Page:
That's quite a leap–that not having Christianity means living in Pottersville. Christianity was certainly of a time and place, but religions, cultures, societies, epochs, change. One dominant belief is supplanted by another, and you will have those believing their philosophy is the end-all, I do accept that most people do need the crutch of a religion to make sense of their lives–and need the noble lie to live virtuously. I would only ask that the religious people, no matter their religion, do no harm to those of us who believe that living virtuously is its own reward.

    December 24, 2011 at 2:04 pm |
    • Janet

      Well said.

      December 24, 2011 at 2:32 pm |
  8. Eddie Nicea

    Very well said Mr. Taunton. My heart goes out to all the respondent naysayers who don't know any better.

    I'll bet that if they read your entire book or perhaps Alivn Schmitt's "How Christianity Saved the World" then at least 10% of your readers would change their minds. The other 90% are lost anyway unless they are changed by God's intervention through the act of sending us a babe in a manger who then died for the evil sins that some don't think they have.

    Merry Christmas, Mr. Taunton, and Happy Holy Day!.

    December 24, 2011 at 2:03 pm |
    • TRH

      How unbelievably arrogant.

      December 24, 2011 at 2:08 pm |
  9. Joshua

    Actually, this just goes to show in the comments what type of people read the state-controlled media like CNN. Left wing nutjobs.

    December 24, 2011 at 2:03 pm |
  10. Mick

    A Christian equating his faith with morality is the ultimate arrogance. Did people in pre-Christian societies always run around robbing and killing? Does Taunton not know that the Golden Rule didn't originate in the New Testament, but with Confucius – ca. 500 BC? (Though, he was doubtless not the first person to dream up the concept). Has he never read of the unspeakable evils carried out by the Church in it's less-than-unblemished history? Morality has nothing to do with whether or not you believe there's an invisible magician in the sky.

    December 24, 2011 at 2:02 pm |
  11. Kevin Cantu

    I would like someone to point out to me how if some people choose not to believe in Christmas or not wish anyone a Merry Christmas how it's taking away from the holiday spirit? If your willing to let other people ruin your Christmas because they don't believe or choose not celebrate it. Then you have serious issues and I take issue with this article because he makes it sound like the end of the world. You know once upon a time Christmas wasn't celebrated among Christians and yeah that was long time ago but still doesn't change the fact that it wasn't. However people came around and eventually then did. You can either except the fact that not everyone celebrates Christmas or you whine about it. Either way you have to get over it and quit trying to lump this whole country into one group. If an Atheists buys up a bunch of plots in Santa Monica, California to deny a nativity scene, then speak your peace and just be glad the first amendment doesn't apply to a select few. You can throw a nativity scene somewhere else and you can still celebrate Christmas at the same time. The world isn't right but at the same time you can celebrate Christmas which I'm doing with my family and friends. No one is going to take that away from me or from anyone else in this country. So instead of complaining and trying to scare people why don't this author get into the Christmas spirit and quit letting his fellow Americans ruin it for him.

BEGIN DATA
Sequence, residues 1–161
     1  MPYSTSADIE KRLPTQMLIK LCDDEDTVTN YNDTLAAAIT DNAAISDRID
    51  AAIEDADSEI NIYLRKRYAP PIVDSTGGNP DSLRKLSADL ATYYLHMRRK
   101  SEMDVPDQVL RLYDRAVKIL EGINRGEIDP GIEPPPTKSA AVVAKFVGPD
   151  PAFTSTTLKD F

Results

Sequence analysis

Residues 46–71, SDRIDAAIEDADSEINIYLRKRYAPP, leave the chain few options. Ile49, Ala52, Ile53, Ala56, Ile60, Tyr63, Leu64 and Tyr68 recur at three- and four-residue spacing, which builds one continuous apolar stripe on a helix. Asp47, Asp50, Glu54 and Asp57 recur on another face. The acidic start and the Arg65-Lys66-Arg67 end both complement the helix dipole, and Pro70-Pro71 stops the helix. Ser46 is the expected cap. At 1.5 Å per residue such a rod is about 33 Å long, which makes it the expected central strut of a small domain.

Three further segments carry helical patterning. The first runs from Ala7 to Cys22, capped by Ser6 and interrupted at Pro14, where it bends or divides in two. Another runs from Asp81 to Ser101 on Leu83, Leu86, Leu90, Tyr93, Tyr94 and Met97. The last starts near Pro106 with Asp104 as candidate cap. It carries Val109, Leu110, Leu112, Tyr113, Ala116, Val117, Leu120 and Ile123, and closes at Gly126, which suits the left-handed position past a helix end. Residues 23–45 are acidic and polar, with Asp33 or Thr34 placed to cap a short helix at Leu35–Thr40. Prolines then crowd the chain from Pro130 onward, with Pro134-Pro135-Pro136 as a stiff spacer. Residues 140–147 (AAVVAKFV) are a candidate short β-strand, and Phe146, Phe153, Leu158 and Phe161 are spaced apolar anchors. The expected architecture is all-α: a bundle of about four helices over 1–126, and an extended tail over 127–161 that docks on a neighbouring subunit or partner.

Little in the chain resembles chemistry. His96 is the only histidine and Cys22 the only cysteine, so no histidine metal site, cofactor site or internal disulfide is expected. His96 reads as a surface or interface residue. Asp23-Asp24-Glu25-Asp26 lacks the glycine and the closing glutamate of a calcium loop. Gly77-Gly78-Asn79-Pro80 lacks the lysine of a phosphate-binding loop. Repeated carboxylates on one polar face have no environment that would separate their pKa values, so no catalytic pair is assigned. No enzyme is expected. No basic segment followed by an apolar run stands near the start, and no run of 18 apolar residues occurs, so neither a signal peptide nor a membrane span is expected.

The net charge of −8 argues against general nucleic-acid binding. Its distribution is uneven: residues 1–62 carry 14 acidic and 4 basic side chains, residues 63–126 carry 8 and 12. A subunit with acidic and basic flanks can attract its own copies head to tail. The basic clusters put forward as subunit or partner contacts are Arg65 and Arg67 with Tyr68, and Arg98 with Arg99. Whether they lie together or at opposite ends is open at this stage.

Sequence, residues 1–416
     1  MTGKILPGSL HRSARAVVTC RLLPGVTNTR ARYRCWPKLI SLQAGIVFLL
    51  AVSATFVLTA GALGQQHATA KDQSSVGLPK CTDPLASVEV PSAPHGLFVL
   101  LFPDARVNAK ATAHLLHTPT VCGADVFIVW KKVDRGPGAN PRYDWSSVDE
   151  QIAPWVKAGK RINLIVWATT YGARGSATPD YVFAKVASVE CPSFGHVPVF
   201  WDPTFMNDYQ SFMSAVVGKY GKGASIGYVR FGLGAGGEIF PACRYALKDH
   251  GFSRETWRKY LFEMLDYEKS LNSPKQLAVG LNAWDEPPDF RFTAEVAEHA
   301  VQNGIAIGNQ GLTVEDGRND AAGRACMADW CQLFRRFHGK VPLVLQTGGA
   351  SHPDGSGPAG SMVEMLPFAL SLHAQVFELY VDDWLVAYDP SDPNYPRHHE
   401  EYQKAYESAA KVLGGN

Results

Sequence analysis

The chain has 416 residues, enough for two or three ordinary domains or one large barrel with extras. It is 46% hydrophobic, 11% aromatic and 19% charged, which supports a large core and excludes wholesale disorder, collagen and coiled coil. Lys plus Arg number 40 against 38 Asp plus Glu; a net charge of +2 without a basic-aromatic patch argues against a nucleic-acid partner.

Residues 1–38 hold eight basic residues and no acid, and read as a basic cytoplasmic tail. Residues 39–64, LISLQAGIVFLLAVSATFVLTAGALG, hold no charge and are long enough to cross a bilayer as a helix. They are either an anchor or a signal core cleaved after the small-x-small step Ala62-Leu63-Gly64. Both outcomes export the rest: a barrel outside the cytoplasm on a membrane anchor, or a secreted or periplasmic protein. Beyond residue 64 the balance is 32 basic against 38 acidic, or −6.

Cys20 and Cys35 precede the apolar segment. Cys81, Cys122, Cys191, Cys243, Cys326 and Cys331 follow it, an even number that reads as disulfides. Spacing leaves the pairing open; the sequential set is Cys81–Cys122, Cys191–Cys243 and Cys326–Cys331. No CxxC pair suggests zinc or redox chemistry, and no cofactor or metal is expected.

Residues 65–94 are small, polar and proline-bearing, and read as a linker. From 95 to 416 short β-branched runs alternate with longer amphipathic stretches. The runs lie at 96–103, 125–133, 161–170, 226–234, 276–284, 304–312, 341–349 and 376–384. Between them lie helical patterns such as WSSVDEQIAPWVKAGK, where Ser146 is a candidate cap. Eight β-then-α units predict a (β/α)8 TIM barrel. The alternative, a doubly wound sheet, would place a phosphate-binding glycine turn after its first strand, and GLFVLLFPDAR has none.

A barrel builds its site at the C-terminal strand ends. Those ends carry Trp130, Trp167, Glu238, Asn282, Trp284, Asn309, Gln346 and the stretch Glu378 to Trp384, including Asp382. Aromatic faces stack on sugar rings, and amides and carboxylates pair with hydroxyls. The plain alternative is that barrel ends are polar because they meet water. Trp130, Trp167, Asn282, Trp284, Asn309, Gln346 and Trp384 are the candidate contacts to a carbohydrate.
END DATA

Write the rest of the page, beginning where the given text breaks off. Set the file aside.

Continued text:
December 24, 2011 at 2:01 pm |
  12. Brad Rainier

    Christian sin and are not perfect (unlike Jesus)- but the Bible does expect Christians to sin-less. So yes- all Christians are 'hypocrits' but we are to keep trying to live a holy life that we are called to live, to love one another and care for one another. I am sure there are plenty of good, loving atheists out there but according to the Bible- they have chosen to reject the Lord who saved them and they sadly will one day be isolated completely from God's love and protection. Plenty to learn about Christianity. Bottom line- Chrisitans sin and mess up. Sometimes we mess up badly but by God grace- we are expected to pick ourselves up and continue to fight the daily fight against sin and evil and our own sinful nature that Paul speaks of in the Book of Romans. Chapter 7 vs. 14.....

    December 24, 2011 at 1:59 pm |
  13. TRH

    "The Corruption of Unbelief?"

    Really. How arrogant. Sounds like "pray away the gay."

    December 24, 2011 at 1:58 pm |
  14. RichardSRussell

    The only reason the Barna Group (which has strong religious ties) was able to "discover" that Christians are "more charitable" than everyone else is because they counted contributions to churches as charitable. Take those out of the mix and the picture is reversed.
    The closest analogy to what churches mean for charity is the picture of those starving, stick-thin African kids with the big, blotted bellies. The stomach gets 1st crack at all the food the kid eats, so it keeps most of it for itself before grudgingly parceling out the leftovers to the other organs in the body.

    December 24, 2011 at 1:58 pm |
    • nepawoods

      "The only reason the Barna Group (which has strong religious ties) was able to "discover" that Christians are "more charitable" than everyone else is because they counted contributions to churches as charitable." ... But there's another. They distinguish between (true) Christians and what they call "notional Christians" ... people who have the notion that they are Christian, but actually are not. Notional Christians include any not "born again", as they interpret the words (words that Jesus' own disciples were puzzled by). And one way to know someone is not "born again" is if they are not charitable.

      December 24, 2011 at 2:16 pm |
  15. Steven